Challenges of Getting to Mars

Simulation of a spacecraft landing on Mars Simulation of a spacecraft landing on Mars.
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December 02, 2003

Two out of three missions to the red planet have failed. One reason there have been so many losses is that there have been so many attempts. "Mars is a favorite target," says Dr. Firouz Naderi, manager of the Mars Program Office at the Jet Propulsion Laboratory. "We -- the United States and former USSR -- have been going to Mars for 40 years. The first time we flew by a planet, it was Mars. The first time we orbited a planet, it was Mars. The first time we landed on a planet it was Mars, and the first time we roved around the surface of a planet, it was Mars. We go there often."

Another reason is that getting to Mars is hard.

To get there, Spirit and Opportunity, the two Mars Exploration Rovers launched this past June and July, will have to fly through about 483 million kilometers (300 million miles) of deep space and target a very precise spot to land. Adjustments to their flight paths can be made along the way, but a small trajectory error can result in a big detour and or even missing the planet completely.

The space environment isn't friendly. Hazards range from what engineers call "single event upsets," as when a stray particle of energy passes through a chip in the spacecraft's computer causing a glitch and possibly corrupting data, to massive solar flares, such as the ones that occurred this fall, that can damage or even destroy spacecraft electronics.

The road to the launch pad is nearly as daunting as the journey to Mars. Even before the trip to Mars can begin, a craft must be built that not only can make the arduous trip but can complete its science mission once it arrives. Nothing less than exceptional technology and planning is required.

If getting to Mars is hard, landing there is even harder. "One colleague describes the entry, descent and landing as six minutes of terror," says Naderi.

Spirit and Opportunity will enter the martian space traveling 19,300 kilometers per hour (12,000 miles per hour). "During the first four minutes into descent, we use friction with the atmosphere to slow us down considerably," says Naderi. "However, at the end of this phase, we're still traveling at 1,600 kilometers per hour (1,000 miles per hour), but now we have only 100 seconds left and are at the altitude that a commercial airliner typically flies. Things need to happen in a hurry. A parachute opens to slow the spacecraft down to 'only' 321 kilometers per hour (200 miles per hour), but now we have only 6 seconds left and are only 91 meters (100 yards) off the ground. Now, the retro rockets fire to bring the spacecraft down to zero velocity, and we're the height of a four-story building above the surface. The spacecraft freefalls the rest of the way cocooned in airbags to cushion the blow. It hits the ground at 48 kilometers per hour (30 miles per hour) or 80 kilometers per hour (50 miles per hour) if it is windy. It bounces as high as a four-story building and continues to bounce afterward, perhaps 30 times all together. What's inside the airbag weighs 453 kilograms (half a ton). So, the challenge of entry, descent and landing is how to get something that massive traveling at 19,300 kilometers per hour (12,000 miles per hour) slowed down in six minutes to have a chance of survival."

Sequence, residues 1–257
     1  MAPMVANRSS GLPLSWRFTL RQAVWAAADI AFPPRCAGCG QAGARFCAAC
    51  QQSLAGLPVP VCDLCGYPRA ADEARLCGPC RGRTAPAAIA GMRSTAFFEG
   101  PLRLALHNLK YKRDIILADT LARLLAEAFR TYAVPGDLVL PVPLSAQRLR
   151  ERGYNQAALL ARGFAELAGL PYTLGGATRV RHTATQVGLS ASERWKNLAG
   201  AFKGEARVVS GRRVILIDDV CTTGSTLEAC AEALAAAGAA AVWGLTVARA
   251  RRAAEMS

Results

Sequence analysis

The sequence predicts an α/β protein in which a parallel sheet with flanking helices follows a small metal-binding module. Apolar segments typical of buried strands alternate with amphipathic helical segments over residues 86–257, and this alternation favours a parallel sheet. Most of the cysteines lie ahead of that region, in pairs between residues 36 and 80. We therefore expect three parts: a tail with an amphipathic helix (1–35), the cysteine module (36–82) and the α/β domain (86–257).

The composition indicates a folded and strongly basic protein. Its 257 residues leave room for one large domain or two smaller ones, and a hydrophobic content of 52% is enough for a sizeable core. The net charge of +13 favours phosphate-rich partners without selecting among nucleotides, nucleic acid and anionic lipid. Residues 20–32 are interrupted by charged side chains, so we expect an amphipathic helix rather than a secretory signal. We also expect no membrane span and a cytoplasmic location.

Mars doesn't exactly put out a welcome mat. Landing is complicated by difficult terrain. The martian surface is full of obstacles--massive impact craters, cliffs, cracks and jagged boulders. Even the toughest airbag can be punctured if it hits a bad rock. Unpredictable winds can also stir up further complications.

No matter how hard it is, getting to Mars is just the beginning. "The challenge after we land," says Rob Manning, manager of Mars Exploration Rovers entry, descent and landing operations, "is how to get the vehicle out of its cramped cocoon and into a vehicle roving in such a way as to please the scientists."

The rewards are great. "Mars is the most Earth-like of the planets in our solar system," says Naderi. "It has the potential to have been an abode of life."

The risks are also great. "We do everything humanly possible and try to avoid human mistakes," says Naderi. "That's why we check, double check, test and test again and then have independent eyes check everything again. Humans, even very smart humans, are fallible particularly when many thousands of parameters are involved. But even if you have done the best engineering possible, you still don't know what Mars has in store for you on the day your arrive. Mars can get you."

"We are in a tough business," says Naderi. "It is like climbing Mt. Everest. No matter how good you are, you are going to lose your grip sometimes and fall back. Then you have a choice, either retreat to the relative comfort and safety of the base camp, or get up, dust yourself off, get a firmer grip and a surer toehold and head back up for the summit. The space business is not about base camps. It is about summits. And, the exhilaration of discoveries you make once you get there. That is what drives you on."



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